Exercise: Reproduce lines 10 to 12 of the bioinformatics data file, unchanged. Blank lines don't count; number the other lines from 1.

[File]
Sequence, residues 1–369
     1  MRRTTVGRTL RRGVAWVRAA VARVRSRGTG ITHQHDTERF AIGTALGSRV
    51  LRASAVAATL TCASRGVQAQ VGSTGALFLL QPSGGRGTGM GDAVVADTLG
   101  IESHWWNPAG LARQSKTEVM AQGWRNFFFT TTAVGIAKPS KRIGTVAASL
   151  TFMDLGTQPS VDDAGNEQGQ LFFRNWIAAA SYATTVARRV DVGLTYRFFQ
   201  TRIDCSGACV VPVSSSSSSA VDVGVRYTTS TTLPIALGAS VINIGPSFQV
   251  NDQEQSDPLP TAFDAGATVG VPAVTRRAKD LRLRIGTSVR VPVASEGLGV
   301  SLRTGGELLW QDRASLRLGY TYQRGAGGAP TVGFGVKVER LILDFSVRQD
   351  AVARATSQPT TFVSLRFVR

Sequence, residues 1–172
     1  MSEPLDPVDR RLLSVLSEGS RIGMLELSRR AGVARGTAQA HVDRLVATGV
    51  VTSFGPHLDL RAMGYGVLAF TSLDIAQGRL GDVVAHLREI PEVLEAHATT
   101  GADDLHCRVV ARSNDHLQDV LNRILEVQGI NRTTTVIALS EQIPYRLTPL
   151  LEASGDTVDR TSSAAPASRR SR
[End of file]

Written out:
Sequence, residues 1–172
     1  MSEPLDPVDR RLLSVLSEGS RIGMLELSRR AGVARGTAQA HVDRLVATGV
    51  VTSFGPHLDL RAMGYGVLAF TSLDIAQGRL GDVVAHLREI PEVLEAHATT